I read yesterday’s blog post from Amazon on developing Alexa skills locally with great interest, as accelerating Alexa Skill development is a focus for us.
The practices they outline are very useful. I did want to quickly point out what we are doing with our Bespoken Tools, and how we think we can even further improve and streamline the skill development experience.
The approaches are not at all mutually exclusive, so our goal is to inform people about the tools we provide. By understanding all the capabilities available, developers can make the best decision on how to setup their environment.
Running Lambdas Locally As Local Services
In the blog, it describes under “Add The Code” essentially how to turn an AWS Lambda into a runnable local service.
Conveniently, and without any cutting or pasting, our bst proxy does the same thing 🙂
A full tutorial is here but once our bst cli is installed, just enter:
$ bst proxy lambda <LAMDBA_FILE>
Et voila! Your lambda will be running as an HTTP service at:
(Port is configurable, but by default it listens on 10000).
And in addition to the techniques mentioned in the blog post (such as sending JSON payloads directly to it), you can also receive actual requests from Alexa on the local service.
That’s right – the real requests – not just your own locally-crafted JSON, but the actual payload from interacting with an Echo, the Service Simulator, Echosim.io, etc. Whatever device you prefer to test with.
This requires configuring your Alexa skill to look at a special URL (printed out on the command-line when you start the proxy), but once you do, you will be working in what we call beast mode – rampage through dev/test cycles, terrorize bugs and crush out features. Fun, right? 🙂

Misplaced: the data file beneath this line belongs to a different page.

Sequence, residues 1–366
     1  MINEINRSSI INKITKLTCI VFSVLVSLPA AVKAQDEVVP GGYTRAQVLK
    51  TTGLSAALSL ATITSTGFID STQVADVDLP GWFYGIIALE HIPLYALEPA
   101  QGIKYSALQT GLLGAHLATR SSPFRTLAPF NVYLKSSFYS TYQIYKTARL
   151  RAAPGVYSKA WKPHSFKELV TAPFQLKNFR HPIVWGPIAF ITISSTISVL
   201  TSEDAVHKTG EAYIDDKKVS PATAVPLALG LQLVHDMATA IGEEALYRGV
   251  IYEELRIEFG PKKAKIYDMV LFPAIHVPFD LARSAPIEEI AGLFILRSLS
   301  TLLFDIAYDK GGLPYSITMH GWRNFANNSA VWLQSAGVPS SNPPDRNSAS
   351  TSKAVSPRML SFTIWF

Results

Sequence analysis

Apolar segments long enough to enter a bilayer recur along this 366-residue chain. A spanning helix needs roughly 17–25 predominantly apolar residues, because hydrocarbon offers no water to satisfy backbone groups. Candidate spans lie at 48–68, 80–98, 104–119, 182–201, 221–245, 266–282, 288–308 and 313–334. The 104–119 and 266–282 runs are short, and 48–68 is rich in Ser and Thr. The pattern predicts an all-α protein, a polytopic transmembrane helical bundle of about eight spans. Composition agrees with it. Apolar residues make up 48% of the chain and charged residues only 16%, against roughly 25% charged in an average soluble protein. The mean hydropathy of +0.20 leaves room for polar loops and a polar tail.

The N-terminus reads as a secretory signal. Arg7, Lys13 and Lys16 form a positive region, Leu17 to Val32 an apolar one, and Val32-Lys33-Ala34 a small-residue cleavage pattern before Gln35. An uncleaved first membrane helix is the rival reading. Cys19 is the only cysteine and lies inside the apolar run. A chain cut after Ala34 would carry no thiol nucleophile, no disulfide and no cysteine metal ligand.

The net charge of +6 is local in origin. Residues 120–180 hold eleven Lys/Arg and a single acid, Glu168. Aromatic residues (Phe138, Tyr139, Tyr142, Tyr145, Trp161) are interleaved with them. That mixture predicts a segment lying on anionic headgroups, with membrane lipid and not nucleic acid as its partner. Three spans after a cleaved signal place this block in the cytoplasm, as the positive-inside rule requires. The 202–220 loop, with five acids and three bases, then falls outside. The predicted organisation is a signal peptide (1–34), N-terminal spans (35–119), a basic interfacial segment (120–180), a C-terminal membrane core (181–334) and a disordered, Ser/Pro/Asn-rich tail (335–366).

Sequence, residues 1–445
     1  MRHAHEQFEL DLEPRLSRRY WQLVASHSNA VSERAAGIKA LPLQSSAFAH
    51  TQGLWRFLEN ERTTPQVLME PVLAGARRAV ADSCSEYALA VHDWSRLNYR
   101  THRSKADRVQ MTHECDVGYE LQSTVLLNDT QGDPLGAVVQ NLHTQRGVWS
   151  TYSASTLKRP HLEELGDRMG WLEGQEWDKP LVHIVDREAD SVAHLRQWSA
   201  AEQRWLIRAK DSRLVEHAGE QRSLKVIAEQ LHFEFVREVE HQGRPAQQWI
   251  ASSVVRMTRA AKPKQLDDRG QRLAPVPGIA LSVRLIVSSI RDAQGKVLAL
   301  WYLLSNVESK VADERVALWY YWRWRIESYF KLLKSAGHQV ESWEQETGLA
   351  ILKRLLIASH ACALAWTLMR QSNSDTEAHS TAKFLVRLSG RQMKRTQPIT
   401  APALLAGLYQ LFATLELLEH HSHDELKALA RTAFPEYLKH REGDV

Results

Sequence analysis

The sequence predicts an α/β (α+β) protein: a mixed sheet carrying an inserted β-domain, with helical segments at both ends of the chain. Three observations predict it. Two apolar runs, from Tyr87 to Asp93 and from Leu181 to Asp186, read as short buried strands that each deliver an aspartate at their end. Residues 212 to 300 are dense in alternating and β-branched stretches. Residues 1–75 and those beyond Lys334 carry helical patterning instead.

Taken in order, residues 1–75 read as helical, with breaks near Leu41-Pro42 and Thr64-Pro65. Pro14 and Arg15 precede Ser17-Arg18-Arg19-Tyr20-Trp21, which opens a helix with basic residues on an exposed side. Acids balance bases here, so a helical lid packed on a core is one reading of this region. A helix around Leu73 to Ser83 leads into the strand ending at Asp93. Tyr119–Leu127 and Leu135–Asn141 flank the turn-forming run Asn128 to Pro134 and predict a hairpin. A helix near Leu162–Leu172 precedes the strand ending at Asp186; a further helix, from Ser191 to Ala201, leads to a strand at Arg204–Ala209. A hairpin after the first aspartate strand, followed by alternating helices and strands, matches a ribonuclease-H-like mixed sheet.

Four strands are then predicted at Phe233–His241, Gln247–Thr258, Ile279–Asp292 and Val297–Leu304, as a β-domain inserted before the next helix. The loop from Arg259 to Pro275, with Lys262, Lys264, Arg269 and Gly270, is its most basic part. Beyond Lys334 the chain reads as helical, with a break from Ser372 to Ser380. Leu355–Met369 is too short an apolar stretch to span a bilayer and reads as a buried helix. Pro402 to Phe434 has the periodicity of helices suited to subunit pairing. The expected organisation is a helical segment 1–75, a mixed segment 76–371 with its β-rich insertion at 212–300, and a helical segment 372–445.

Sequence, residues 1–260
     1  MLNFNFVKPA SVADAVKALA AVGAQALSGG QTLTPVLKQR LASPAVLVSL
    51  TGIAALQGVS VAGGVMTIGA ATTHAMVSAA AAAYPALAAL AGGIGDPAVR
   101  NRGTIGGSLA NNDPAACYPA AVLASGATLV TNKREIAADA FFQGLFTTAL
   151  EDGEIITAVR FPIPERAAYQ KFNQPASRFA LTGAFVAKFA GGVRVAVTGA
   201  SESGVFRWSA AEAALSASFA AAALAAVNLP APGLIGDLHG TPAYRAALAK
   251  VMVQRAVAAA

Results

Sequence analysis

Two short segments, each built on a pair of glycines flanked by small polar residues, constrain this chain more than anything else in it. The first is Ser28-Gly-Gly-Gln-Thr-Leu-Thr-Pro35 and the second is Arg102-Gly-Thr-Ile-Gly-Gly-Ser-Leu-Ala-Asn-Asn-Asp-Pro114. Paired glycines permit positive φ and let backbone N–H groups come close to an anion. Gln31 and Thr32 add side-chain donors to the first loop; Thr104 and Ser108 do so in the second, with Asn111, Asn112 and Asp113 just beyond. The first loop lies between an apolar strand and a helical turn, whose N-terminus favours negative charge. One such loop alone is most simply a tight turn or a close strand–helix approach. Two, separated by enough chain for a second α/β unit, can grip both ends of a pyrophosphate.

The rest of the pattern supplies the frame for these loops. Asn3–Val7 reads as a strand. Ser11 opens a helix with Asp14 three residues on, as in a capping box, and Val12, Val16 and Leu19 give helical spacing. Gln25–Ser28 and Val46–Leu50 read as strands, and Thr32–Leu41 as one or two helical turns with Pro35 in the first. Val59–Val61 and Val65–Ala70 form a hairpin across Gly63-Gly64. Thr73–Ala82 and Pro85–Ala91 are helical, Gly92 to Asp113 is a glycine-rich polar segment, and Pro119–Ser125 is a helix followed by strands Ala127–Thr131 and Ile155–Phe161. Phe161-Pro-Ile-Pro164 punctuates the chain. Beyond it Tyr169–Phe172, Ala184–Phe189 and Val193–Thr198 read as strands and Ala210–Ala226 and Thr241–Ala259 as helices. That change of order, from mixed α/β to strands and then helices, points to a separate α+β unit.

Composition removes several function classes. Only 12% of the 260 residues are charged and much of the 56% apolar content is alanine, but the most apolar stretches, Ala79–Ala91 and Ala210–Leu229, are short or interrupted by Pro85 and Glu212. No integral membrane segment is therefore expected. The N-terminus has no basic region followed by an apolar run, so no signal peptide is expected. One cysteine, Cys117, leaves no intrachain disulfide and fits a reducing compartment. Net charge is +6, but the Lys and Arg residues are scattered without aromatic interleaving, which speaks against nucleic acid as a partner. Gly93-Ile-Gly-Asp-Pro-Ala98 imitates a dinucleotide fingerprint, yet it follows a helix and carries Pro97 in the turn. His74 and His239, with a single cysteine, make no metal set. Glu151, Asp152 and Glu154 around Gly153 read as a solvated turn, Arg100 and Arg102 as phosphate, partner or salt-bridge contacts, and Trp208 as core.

The blog then proceeds to describe testing your local service using JSON files.
This is a great method of testing. But we have another way, which can be even easier to use depending on your setup.
That is our bst speak command.
It uses the local version of your IntentSchema and SampleUtterances to take phrases and turn them into intents, then into JSON, which is then automatically sent to your local service!
So, if you started a proxy as described before, just enter:
$ bst speak Hello World
And we will correctly turn it into a HelloWorldIntent, send it to the service, while showing you both the request and response from the service.
Reference docs for the command are here.
We point these items out to make developers aware of what we think are some pretty neat tools we are building. The goal is to help them build skills faster and better.
We hope Alexa devs will see Bespoken Tools as a great addition to their toolbelt.
Additionally, though our focus to-date has been on command-line tools, we are now rolling out a programmatic API.
We consider it still in “preview” mode, but we think it will greatly help Alexa devs with two thorny problems:
- Unit testing Alexa Skills and integrating those tests with CI
- Working with the AudioPlayer interface
On the latter point, we emulate the requests and state of the Alexa service for the AudioPlayer, which can be rather complex.
A tutorial on how it works is here.
Give it a try and let us know what you think!
The Standard Stuff
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